Friday, January 14, 2011

My List of Outrageous Demands (and it can be yours, too)

When I was starting out my fellowship with the Huntington Theatre last year, Todd London's Outrageous Fortune had just come out, and we were all giving it some thought.   I was curious about to the obvious disconnect mentioned between artistic staff and playwrights, and also the perceived (by artistic staff) gap between playwrights and audience.  At one of our meetings, I showed up with my list of "outrageous demands" of things that I thought the theatre could do for us playwrights, as part of our program. 

It's actually a list that could be used by any theater thinking more about how to work with playwrights and get them more intimately involved with their company, without breaking the bank.

Here's a slightly modified version of my list (which was actually handwritten on the back of my invoice for my copy of Outragegous Fortune):

  1. I want our meetings to be in the theatre spaces.  Artistic directors often complain that writers don't write for their spaces, especially companies with really big spaces.  Being in an empty theatre inspires me, whether it's standing on someone else's set or (even better) on the blank stage.  It is hard to write for the big stage in an 800-seat house, if I've never had the chance to stroll around on it.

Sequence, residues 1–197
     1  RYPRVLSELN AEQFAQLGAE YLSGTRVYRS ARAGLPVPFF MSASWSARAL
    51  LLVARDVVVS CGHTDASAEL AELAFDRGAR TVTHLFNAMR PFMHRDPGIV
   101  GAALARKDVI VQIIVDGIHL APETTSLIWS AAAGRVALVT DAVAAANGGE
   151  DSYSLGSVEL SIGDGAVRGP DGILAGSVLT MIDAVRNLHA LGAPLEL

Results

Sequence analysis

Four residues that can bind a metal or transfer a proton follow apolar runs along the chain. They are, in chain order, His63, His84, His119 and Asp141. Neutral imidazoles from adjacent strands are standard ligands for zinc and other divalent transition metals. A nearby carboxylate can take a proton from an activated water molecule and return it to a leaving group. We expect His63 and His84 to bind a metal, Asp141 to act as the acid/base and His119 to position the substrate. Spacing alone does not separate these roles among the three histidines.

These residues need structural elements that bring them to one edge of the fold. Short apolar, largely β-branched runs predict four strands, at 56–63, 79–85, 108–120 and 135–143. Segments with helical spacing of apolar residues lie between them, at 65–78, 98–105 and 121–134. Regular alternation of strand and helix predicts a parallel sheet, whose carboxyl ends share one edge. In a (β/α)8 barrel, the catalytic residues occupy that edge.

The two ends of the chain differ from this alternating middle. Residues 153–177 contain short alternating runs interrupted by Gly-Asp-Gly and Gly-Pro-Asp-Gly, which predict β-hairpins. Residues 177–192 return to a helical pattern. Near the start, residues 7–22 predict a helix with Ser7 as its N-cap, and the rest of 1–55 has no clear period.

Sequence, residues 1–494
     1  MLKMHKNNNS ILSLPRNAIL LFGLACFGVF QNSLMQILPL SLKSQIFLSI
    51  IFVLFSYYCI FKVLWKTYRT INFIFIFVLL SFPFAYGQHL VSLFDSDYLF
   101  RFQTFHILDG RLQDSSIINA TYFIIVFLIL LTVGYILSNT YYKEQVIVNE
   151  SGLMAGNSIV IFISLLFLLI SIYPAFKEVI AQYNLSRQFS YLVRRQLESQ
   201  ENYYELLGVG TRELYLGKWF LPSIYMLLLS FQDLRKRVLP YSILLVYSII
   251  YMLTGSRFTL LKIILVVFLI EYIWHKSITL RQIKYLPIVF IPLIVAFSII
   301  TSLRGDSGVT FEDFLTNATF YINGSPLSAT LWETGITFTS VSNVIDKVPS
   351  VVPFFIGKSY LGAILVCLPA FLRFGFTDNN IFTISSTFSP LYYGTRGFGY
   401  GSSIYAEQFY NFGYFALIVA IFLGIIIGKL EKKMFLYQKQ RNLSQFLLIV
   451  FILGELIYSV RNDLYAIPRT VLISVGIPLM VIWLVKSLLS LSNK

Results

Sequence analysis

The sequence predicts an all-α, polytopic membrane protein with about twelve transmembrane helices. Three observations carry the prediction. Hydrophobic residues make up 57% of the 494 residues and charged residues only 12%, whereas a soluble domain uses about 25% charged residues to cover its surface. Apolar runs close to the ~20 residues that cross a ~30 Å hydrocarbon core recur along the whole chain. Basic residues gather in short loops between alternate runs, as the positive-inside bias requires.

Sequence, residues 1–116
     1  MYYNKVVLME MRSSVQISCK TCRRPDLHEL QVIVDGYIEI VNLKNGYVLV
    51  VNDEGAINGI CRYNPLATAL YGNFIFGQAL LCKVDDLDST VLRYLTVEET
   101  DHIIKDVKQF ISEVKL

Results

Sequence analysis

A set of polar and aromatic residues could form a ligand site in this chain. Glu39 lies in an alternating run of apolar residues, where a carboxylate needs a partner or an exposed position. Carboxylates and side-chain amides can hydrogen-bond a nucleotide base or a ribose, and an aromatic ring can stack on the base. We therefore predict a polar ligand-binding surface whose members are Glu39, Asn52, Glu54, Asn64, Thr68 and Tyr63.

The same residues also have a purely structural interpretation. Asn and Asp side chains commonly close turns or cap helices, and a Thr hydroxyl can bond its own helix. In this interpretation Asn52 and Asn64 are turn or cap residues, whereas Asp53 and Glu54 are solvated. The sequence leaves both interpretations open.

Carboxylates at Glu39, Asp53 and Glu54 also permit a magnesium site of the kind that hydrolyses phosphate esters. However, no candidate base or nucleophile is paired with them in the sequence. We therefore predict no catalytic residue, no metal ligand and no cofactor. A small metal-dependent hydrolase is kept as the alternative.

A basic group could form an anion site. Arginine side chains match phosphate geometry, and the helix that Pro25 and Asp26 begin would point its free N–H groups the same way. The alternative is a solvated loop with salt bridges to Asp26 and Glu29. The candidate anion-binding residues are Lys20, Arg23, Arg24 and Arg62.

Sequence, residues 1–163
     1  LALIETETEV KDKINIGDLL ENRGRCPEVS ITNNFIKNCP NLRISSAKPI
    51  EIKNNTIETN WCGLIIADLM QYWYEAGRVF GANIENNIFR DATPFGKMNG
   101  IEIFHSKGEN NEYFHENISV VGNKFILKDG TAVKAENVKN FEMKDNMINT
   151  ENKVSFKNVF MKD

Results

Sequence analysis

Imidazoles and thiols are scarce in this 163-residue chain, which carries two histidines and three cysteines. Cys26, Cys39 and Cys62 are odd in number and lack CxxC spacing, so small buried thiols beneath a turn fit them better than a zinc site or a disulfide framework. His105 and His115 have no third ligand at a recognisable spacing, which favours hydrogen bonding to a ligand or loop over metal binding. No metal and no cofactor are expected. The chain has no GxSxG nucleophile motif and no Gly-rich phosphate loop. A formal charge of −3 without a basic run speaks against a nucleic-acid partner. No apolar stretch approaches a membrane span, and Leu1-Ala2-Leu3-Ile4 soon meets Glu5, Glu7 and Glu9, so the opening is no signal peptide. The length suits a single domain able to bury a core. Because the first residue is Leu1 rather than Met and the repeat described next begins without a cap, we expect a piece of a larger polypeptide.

2. Quick feedback.  One of the most frustrating parts about being a playwright is waiting forever to hear back from theatres about scripts.  If a theatre has an in-house group of writers, trying to respond to new drafts/submissions within a few weeks is a big boon that the artistic staff can provide. 
  3. Ability to see shows for free.  More than once.  The Huntington already gives free opening night tickets to all the HPF fellows, which I think is amazing.  Most theatres paper the house for press openings anyway, so giving tickets to their core writers doesn't change that balance.  And it's a huge bonus for the writers--I can't afford to see nearly as much theatre as I'd like.  Getting to attend multiple times (I'm happy to stand in the back), is an important addition.  The first time I watch a show, I'm busy taking it all in, focusing on my own experience.  The second or third time, I'm able to be more critical, and I get to watch the audience.  In Outrageous Fortune, some artistic directors complained that playwrights don't know the theatre's audience.  I am very interested in audiences, and I want to watch them watching plays.  (To be honest, my schedule this year has been overly full, so I haven't gotten to do this yet, but the Huntington has been more than willing to let me come back to see shows for multiple viewings.)